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CEO Comments on Strategic Plan

ICANN Strategic Plan July 2010 – June 2013 [PDF, 947 KB]

The ICANN meeting in Seoul was my first meeting as CEO, and coincided with the kickoff of the ICANN Strategic planning process, an essential basis for ICANN’s operational and budget planning process. Based on my experience with other organizations and Boards, I was interested in taking the planning processes of past years, and evolving it into an approach that identified key strategic focus areas that captured ICANN’s mission and mandate, namely:

  • DNS stability and security;
  • Consumer choice, competition and innovation;
  • IANA and core operations and
  • A healthy Internet eco-system.

These four focus areas were the building blocks used to identify strategic objectives, key strategic projects and perhaps most importantly, the tremendous community and staff work that will be undertaken in the next few years.

Underlying these four strategic areas are key values, or enablers, that cut across all of ICANN’s work. These are essential to ICANN succeeding in all of its challenges, and an important reflection of the principles by which the organization operates. These are:

  • Multi-stakeholder;
  • Collaborative;
  • International;
  • Transparent;
  • Accountable.

In developing the plan we used the traditional stakeholder engagement processes and also added online survey tools, which allowed community members from around the world to vote on proposed strategic plan items during the live sessions in Seoul.

I would like to personally thank all of you who contributed to this year’s Strategic planning process. Your input and engagement is an important part of ensuring that the organization’s future truly reflects a bottom up, multi-stakeholder process. We look forward to your input to the implementation of the Strategic plan into the operational planning and budget preparations.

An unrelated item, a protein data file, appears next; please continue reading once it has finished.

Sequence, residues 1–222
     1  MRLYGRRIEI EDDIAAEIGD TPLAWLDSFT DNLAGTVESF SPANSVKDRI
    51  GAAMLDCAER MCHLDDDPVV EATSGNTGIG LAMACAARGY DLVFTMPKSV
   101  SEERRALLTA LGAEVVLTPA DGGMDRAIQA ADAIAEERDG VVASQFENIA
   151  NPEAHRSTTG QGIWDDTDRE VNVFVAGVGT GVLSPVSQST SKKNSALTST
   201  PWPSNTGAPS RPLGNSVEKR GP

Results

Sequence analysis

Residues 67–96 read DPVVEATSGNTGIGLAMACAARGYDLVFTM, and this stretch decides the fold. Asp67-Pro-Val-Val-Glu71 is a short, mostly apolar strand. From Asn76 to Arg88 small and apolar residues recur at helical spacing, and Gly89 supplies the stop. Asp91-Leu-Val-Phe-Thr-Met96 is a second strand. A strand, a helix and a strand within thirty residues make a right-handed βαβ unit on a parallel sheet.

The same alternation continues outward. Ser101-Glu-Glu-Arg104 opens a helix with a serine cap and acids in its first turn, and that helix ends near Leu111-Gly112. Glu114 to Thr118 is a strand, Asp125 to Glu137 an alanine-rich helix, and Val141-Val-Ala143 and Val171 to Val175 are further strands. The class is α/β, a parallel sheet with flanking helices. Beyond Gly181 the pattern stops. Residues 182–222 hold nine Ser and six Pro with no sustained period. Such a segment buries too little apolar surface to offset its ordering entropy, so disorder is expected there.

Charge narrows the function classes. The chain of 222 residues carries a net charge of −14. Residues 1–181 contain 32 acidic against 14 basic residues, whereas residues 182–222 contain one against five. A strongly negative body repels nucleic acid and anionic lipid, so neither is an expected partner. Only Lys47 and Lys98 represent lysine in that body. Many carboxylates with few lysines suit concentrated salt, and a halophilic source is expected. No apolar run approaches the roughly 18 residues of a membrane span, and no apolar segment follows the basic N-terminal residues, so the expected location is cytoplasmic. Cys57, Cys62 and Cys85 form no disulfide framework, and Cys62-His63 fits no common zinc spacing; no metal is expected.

Warmly,

Rod

Rod Beckstrom
CEO and President
ICANN
22 February 2010

Comments

    Domain Name System
    Internationalized Domain Name ,IDN,"IDNs are domain names that include characters used in the local representation of languages that are not written with the twenty-six letters of the basic Latin alphabet ""a-z"". An IDN can contain Latin letters with diacritical marks, as required by many European languages, or may consist of characters from non-Latin scripts such as Arabic or Chinese. Many languages also use other types of digits than the European ""0-9"". The basic Latin alphabet together with the European-Arabic digits are, for the purpose of domain names, termed ""ASCII characters"" (ASCII = American Standard Code for Information Interchange). These are also included in the broader range of ""Unicode characters"" that provides the basis for IDNs. The ""hostname rule"" requires that all domain names of the type under consideration here are stored in the DNS using only the ASCII characters listed above, with the one further addition of the hyphen ""-"". The Unicode form of an IDN therefore requires special encoding before it is entered into the DNS. The following terminology is used when distinguishing between these forms: A domain name consists of a series of ""labels"" (separated by ""dots""). The ASCII form of an IDN label is termed an ""A-label"". All operations defined in the DNS protocol use A-labels exclusively. The Unicode form, which a user expects to be displayed, is termed a ""U-label"". The difference may be illustrated with the Hindi word for ""test"" — परीका — appearing here as a U-label would (in the Devanagari script). A special form of ""ASCII compatible encoding"" (abbreviated ACE) is applied to this to produce the corresponding A-label: xn--11b5bs1di. A domain name that only includes ASCII letters, digits, and hyphens is termed an ""LDH label"". Although the definitions of A-labels and LDH-labels overlap, a name consisting exclusively of LDH labels, such as""icann.org"" is not an IDN."